Heinkel He 114

He 114
Heinkel He 114 of Romanian Air Force
Role Reconnaissance floatplane
National origin Germany
Manufacturer Heinkel
First flight 1936
Introduction 1939
Retired 1945 (Luftwaffe)
1960 (Romania)
1949 (Sweden)
1954 (Spain)
Primary users Germany

The Heinkel He 114 was a sesquiwing reconnaissance seaplane produced for the Kriegsmarine in the 1930s for use from warships. It replaced the company's He 60, but did not remain in service long before being replaced in turn by the Arado Ar 196 as Germany's standard spotter aircraft.

Design and development

While the fuselage and flotation gear of the He 114 were completely conventional, its wing arrangement was highly unusual. The upper set of wings was attached to the fuselage with a set of cabane struts, as in a parasol wing monoplane, whereas the lower set was of much lesser span while having approximately the same chord. (Note that this general layout isn't especially unusual, and is known as a "Sesquiplane", or a biplane which has a smaller lower wing. Typically, the lower wing is about 3/4 of the span of the upper wing, and has a smaller chord as well. The He 114 has a much shorter lower wing than usual, but has the same chord as the upper wing, which keeps the wing area ratio similar.)

Operational history

The He 114 was never a great success, was not built in large numbers, and served with the Luftwaffe for only a short time. While the He 60 had handled very well on the water but been sluggish in the air, the He 114's handling while afloat was poor and its performance in the air scarcely better than the aircraft it replaced.

24 aircraft were exported to Romania, where the last 8 remained in service until 1 May 1960. In 1943 Spain acquired a total amount of 12 aircraft of the A and C variants, they were retired in 1954.

On November 1, 1939 Sweden ordered 12 aircraft of the B-1 variant, the aircraft were planned to be delivered in December the same year but was soon rescheduled to Spring the following year. In April 1940 Sweden increased the order by 24 aircraft, Heinkel responded by informing that the original order would not be delivered as the German government had enacted a ban on military materiel export to Sweden. This was due to the fact that the German government had stopped several deliveries and negotiations of materiel to Sweden as a bargaining chip in negotiations to gain access to transport of soldiers and materiel through Sweden. When the ban was lifted the 12 aircraft originally intended for Sweden had already been taken into service of the Luftwaffe. By the end of 1940 Germany gave notice that it could deliver 12 aircraft, Sweden accepted but Germany soon cancelled the order. The purchase could however be realized in 1941 and 12 used He 114 arrived to Sweden dismantled in boxes in Spring the same year. The airplanes were assembled and given a complete overhaul before entering service at Roslagens flygflottilj (F2) in Hägernäs under the designation S 12 (S being an abbreviation for 'reconnaissance aircraft' in Sweden).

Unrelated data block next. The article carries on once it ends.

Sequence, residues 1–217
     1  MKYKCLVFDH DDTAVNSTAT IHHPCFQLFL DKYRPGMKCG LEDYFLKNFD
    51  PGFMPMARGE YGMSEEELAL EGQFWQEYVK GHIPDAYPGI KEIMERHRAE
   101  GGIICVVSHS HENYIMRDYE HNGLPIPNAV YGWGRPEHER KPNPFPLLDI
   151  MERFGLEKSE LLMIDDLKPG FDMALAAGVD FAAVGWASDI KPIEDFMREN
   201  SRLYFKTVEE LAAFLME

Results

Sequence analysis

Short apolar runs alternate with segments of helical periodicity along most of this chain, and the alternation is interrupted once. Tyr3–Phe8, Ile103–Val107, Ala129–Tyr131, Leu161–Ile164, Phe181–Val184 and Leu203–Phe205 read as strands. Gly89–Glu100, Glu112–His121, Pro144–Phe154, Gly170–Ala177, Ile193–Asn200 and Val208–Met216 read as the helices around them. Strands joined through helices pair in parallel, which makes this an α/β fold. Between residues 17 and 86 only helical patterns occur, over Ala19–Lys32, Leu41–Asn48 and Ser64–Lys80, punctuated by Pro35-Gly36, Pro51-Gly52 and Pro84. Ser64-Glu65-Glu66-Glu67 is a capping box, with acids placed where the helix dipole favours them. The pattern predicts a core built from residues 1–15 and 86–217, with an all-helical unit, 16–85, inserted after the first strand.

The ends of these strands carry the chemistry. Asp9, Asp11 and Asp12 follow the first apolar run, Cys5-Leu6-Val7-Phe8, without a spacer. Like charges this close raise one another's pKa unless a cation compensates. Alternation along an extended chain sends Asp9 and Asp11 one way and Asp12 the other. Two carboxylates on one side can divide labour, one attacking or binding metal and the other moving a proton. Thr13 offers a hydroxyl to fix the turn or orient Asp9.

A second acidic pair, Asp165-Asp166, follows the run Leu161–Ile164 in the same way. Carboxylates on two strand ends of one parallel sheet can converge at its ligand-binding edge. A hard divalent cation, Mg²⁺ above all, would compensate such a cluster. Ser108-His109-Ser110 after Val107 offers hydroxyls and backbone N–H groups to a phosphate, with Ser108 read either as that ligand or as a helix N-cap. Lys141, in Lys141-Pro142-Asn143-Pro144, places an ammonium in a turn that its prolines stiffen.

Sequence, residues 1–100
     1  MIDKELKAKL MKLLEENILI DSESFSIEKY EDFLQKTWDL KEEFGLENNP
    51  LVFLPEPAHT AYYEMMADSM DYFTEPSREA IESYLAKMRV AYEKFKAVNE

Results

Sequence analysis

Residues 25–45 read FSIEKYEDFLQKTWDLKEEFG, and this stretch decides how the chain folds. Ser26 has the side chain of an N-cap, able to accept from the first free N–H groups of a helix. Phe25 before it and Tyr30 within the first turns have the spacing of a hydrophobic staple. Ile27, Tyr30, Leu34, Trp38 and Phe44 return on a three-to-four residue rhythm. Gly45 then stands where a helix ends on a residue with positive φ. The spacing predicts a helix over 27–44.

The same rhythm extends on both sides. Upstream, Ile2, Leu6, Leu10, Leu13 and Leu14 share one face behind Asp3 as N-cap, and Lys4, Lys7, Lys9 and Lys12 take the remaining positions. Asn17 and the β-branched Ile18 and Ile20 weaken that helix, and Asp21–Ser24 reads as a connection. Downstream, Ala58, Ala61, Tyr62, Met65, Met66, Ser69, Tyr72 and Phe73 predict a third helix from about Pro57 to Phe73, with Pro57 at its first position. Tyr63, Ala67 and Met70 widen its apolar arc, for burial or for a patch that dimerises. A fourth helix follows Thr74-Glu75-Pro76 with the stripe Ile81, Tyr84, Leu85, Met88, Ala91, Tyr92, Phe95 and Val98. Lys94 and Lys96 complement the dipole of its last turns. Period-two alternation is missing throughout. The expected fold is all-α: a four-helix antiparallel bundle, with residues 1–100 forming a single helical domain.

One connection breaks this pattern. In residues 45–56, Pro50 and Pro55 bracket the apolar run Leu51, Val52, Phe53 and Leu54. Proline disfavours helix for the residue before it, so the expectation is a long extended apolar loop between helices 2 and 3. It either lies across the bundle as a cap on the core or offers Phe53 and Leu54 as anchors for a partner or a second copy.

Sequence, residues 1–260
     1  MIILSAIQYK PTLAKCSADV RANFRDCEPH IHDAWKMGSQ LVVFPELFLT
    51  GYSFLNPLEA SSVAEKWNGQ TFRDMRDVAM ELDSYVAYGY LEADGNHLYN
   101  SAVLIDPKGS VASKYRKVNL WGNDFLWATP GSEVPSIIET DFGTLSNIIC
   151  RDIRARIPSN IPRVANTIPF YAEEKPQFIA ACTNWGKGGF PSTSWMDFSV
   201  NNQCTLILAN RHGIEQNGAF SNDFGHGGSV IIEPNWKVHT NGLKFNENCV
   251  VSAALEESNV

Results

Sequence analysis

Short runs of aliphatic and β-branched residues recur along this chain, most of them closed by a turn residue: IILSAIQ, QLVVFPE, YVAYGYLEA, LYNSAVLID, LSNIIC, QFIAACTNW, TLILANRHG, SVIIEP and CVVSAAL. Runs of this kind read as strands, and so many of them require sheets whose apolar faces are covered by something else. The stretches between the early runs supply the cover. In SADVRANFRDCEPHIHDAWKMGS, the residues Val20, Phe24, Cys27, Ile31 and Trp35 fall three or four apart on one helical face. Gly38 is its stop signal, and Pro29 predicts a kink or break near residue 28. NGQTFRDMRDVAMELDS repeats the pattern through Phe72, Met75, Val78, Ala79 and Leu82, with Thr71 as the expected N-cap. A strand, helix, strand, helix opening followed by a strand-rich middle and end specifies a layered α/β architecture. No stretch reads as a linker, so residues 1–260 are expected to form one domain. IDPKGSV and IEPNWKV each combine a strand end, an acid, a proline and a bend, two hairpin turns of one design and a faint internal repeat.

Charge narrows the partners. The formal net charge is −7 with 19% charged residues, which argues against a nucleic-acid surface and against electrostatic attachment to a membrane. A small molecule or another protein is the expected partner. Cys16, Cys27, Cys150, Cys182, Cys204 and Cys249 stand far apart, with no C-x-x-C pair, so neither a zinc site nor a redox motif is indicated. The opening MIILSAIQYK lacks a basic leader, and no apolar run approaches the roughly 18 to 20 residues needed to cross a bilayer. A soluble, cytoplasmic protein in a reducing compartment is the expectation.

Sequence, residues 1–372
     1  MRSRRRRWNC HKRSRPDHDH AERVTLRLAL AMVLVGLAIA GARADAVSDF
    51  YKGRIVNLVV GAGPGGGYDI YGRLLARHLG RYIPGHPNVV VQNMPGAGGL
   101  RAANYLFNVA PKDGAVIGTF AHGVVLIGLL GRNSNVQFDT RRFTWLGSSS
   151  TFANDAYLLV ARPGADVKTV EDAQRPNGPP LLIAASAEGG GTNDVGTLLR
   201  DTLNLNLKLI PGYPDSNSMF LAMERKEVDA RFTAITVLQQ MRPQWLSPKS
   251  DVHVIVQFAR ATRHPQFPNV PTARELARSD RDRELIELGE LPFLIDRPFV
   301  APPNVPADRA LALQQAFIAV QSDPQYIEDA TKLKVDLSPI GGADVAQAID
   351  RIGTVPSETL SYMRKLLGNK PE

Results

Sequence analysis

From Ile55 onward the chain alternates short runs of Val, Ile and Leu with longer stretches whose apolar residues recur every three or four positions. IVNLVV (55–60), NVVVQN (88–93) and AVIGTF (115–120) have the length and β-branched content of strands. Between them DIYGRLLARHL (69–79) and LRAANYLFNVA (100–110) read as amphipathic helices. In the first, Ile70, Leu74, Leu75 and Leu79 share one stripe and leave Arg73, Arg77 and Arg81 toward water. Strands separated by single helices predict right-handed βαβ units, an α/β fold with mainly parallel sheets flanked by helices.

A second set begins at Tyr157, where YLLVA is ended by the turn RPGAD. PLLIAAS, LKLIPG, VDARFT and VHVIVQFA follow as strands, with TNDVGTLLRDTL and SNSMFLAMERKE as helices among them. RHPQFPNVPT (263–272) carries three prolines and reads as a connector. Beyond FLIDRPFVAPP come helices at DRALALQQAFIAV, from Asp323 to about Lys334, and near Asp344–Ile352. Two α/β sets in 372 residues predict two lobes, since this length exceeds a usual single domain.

Surviving aircraft

In 2012, two divers discovered the wreckage of a Heinkel 114 at the bottom of Lake Siutghiol, in Romania. Near the Heinkel were also sections of two other seaplanes: a Savoia-Marchetti S.55 and a Junkers W 34.[1]


He 114A-0
10 pre-production aircraft, powered by a 656 kW (880 hp) BMW 132Dc engine.
He 114A-1
Training version, powered by a 656 kW (880 hp) BMW 132Dc engine. 33 built.
He 114A-2
Main production shipborne version.
He 114B-1
Export version of the He 114A-2 for Sweden. 12 built.
He 114B-2
Export version of the He 114A-2 for Romania. Six built.
He 114B-3
Export version for Romania. 12 built.
He 114C-1
Reconnaissance biplane for the Luftwaffe. 14 built.
He 114C-2
Unarmed shipborne (Kriegsmarine commerce raider) version. Four built.



Specifications (He 114A-2)

Data from Warplanes of the Luftwaffe.[2]

General characteristics



See also

Related lists


Wikimedia Commons has media related to Heinkel He 114.


  1. BOZÎNTAN - DUMITROV, Florentina. "Hidroavion din Al Doilea Război Mondial, descoperit în lacul Taşaul". Cuget Liber. Retrieved 16 February 2015.
  2. Donald 1994, p.107.
  3. Smith and Kay 1972, p.268.


  • Donald, David, ed. Warplanes of the Luftwaffe. London: Aerospace, 1994. ISBN 1-874023-56-5.
  • Smith J. R. and Kay, Anthony. German Aircraft of the Second World War. London: Putnam & Company Ltd., 1972. ISBN 0-370-00024-2.
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